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St. Louis recorder pay bonus bill filed by alderman whose wife works in office

St. Louis recorder pay bonus bill filed by alderman whose wife works in office

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ST. LOUIS • A city alderman introduced a bill on Friday that would create a bonus system for Recorder of Deeds employees — even though the alderman’s wife works in the office that stands to benefit.

The cash bonus provisions were buried in the recorder’s salary bill, sponsored by Ward 23 Alderman Joe Vaccaro. The bill had its first reading on Friday at the Board of Aldermen. It got little notice from the other aldermen and will now head to a committee for debate.

Vaccaro, a Democrat, first defended the move, then pledged to remove himself as the bill’s sponsor after being questioned by the Post-Dispatch after Friday’s meeting.

The bill, written as a standard pay bill, seeks to replace a previous ordinance approved in 2012 that governs Recorder of Deeds Sharon Carpenter’s office, which has drawn questions about its operations over the last year. Carpenter resigned from office last year after violating the state’s nepotism statute, but was returned to office by city voters in the November election.

Records obtained by the Post-Dispatch through state sunshine laws offer a glimpse into the city’s patronage system and show an office stocked with relatives of elected officials.

Vaccaro’s bill would set up a bonus system for those employees and change management classifications.

“The Recorder of Deeds may also establish other bonus, incentive, or reimbursement programs to encourage current employees to attain registration, licensure, certification, or proof of professional mastery when it is deemed to be in the best interest of the Recorder of Deeds, or when such credentials are clearly recognized as adding to the capability of individuals in that area,” the bill states. “Incentives, bonuses, or reimbursements awarded under such programs do not result in an employee being ruled ineligible for bonuses or salary increases permitted under other sections of this pay ordinance.”

It also would establish an “Employee Suggestion Program” that “grants cash and other awards to recognize employee suggestions, which improve Recorder of Deeds office services or operation.”

In addition, the bill would also set rates of pay for “per performance employees,” considered temporary or part-time employees.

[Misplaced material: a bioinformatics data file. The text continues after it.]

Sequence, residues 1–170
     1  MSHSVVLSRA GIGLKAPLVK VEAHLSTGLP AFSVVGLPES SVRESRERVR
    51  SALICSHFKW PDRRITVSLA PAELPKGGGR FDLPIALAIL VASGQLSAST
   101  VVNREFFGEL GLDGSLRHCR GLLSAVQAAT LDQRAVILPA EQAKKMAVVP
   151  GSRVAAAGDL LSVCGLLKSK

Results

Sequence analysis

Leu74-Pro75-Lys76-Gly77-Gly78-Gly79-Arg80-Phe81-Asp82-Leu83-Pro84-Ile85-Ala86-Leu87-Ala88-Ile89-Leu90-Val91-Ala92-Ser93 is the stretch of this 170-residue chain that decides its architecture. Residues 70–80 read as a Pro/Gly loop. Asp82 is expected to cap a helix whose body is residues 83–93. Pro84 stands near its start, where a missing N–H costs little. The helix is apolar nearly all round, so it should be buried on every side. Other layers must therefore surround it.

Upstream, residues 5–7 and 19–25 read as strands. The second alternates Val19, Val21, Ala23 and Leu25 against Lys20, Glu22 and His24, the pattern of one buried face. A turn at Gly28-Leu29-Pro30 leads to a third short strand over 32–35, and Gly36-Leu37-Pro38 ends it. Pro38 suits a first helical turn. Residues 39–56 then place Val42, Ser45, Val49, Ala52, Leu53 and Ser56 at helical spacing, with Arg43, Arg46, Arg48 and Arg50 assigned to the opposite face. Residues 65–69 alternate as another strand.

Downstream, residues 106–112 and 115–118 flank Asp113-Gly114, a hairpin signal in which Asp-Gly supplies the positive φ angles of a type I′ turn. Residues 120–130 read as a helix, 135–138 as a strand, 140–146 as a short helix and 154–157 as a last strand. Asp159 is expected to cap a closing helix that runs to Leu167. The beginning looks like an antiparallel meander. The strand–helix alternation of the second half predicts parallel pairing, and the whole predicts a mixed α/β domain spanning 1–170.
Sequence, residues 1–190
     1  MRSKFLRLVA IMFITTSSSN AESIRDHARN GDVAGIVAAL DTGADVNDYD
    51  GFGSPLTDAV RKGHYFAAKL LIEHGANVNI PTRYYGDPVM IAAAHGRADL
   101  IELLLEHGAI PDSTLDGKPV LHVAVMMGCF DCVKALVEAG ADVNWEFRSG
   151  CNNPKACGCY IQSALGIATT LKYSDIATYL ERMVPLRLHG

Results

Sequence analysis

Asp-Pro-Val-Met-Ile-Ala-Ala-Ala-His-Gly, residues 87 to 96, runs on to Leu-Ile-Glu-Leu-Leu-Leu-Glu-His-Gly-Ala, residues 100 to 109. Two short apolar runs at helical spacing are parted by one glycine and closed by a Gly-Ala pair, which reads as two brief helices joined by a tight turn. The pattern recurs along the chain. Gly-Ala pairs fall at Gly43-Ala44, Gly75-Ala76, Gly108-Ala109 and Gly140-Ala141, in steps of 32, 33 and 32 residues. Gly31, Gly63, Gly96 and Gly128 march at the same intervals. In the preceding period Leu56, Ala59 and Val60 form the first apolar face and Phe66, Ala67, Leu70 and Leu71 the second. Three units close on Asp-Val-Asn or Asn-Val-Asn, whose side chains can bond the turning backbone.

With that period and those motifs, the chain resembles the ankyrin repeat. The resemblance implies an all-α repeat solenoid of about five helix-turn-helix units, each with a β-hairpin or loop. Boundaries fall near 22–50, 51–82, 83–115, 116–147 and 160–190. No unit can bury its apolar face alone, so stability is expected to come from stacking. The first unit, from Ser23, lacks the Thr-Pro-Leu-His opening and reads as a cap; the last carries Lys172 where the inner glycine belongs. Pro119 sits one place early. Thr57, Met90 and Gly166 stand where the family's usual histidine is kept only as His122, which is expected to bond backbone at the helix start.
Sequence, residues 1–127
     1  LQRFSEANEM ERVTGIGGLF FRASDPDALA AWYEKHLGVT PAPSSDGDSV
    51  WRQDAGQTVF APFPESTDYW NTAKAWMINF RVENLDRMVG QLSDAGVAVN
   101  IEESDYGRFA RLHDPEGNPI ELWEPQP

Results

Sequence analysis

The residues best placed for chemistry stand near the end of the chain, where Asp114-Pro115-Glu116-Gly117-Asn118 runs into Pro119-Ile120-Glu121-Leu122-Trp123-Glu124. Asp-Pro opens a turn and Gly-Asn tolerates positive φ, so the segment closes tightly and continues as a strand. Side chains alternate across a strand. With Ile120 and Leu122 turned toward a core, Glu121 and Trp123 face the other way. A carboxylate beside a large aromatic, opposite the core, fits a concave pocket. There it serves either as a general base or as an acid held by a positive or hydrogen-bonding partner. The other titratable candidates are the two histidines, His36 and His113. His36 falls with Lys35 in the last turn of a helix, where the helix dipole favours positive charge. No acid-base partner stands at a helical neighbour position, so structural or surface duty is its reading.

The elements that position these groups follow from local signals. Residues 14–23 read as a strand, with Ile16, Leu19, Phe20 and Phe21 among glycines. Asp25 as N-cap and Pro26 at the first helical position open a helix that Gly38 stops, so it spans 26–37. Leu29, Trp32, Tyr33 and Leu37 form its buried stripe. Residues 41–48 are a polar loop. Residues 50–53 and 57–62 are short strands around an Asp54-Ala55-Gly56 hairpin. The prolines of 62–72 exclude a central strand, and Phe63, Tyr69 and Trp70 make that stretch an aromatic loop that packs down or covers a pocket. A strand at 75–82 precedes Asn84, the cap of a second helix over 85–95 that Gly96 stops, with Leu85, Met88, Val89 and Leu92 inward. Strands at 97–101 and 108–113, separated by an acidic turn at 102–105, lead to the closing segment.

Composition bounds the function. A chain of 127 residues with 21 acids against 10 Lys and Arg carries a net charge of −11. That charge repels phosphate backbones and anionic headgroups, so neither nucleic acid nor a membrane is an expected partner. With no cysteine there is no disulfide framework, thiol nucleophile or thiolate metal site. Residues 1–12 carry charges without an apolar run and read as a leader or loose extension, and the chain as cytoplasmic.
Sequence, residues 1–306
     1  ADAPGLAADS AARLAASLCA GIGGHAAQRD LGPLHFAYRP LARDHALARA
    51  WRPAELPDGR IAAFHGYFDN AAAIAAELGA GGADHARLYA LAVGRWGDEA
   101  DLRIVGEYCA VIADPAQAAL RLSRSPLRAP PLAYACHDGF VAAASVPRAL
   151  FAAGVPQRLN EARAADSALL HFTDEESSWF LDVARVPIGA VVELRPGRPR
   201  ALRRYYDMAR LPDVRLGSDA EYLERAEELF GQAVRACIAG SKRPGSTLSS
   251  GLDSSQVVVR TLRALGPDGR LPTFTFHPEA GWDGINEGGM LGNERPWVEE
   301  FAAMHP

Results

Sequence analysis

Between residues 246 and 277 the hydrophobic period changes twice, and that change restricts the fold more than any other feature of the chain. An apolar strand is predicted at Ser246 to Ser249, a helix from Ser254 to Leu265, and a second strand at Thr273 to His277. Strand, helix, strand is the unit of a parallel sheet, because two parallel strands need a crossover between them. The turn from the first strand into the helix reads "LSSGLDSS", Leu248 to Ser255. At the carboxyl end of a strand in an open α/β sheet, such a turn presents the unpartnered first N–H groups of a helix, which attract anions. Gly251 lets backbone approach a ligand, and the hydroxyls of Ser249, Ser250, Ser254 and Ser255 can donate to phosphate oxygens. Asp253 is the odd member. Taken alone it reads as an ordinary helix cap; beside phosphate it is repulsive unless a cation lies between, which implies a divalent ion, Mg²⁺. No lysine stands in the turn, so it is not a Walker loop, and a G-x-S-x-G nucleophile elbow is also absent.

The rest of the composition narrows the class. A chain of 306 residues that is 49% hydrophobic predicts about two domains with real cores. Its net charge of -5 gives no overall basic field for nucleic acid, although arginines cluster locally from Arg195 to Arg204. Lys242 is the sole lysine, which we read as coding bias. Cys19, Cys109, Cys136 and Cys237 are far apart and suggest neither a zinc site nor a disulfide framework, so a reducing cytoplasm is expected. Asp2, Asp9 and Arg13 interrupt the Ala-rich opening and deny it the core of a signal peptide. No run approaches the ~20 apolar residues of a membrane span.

Carpenter’s office now employs close relatives of three aldermen, as well as Mayor Francis Slay’s niece.

Carpenter didn’t return requests for comment made to her office.

Within the last few months, Carpenter hired relatives of Aldermen Freeman Bosley Sr. and Beth Murphy to do per performance work, according to documents obtained through Missouri’s open records laws.

Vaccaro’s wife, Crystal, was hired in 2011, according to the documents.

On Friday, when first asked by a reporter about the bill, Alderman Vaccaro said he didn’t see his sponsorship of the bill as a conflict of interest. He later called the reporter and said he would strike his name from the bill as its sponsor and would abstain from voting on it.

“This is just how it works up there,” Vaccaro said. “I did this because these employees have to get paid.”

Vaccaro also filed a bill concerning pay for St. Louis Sheriff’s Department employees.

Vaccaro said his wife was one of the lowest-paid workers in the recorder’s office. Records bear that out: She makes about $31,524 a year. But she could ostensibly be eligible for the new bonuses.

Vaccaro said he would insist that she didn’t benefit.

“She hasn’t benefited,” Vaccaro said. “She’s just happy to have a job.”

Vaccaro said he would now find someone else to sponsor the bill.

“Because of the Post-Dispatch stories, nobody wants to carry the bill,” Vaccaro said. “But someone has to.”

In May, the newspaper revealed that Carpenter requested a $700 monthly car allowance. She had to give up her previous vehicle, in which her husband had two accidents, after she resigned last July for hiring her great-nephew in violation of the state’s nepotism laws. After the November election, she returned to office in January. Carpenter’s resignation and return allows her to collect a $4,238.76 monthly city pension on top of her $97,000 annual salary.

It’s unclear if Carpenter herself would be eligible for bonuses under the proposed system.

Vaccaro said Carpenter’s office had written the pay bill that he had filed.

While maintaining that he will step aside from the process, he questioned whether the mayor could sign it.

“His niece works in the office,” Vaccaro said. “Can he sign the bill?”

Mary Ellen Ponder, Slay’s chief of staff, said on Friday that the mayor hadn’t been involved in writing the bill or in approving it.

“The mayor is not the bill’s sponsor,” Ponder said. “Should aldermen approve it, which I doubt they will in its current form, it would become law with or without his signature.”

Alderman Scott Ogilvie told the Post-Dispatch on Friday that the bill should be scrutinized.

“Government jobs shouldn’t pay bonuses,” he said.

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Nicholas J.C. Pistor is a reporter for the St. Louis Post-Dispatch.

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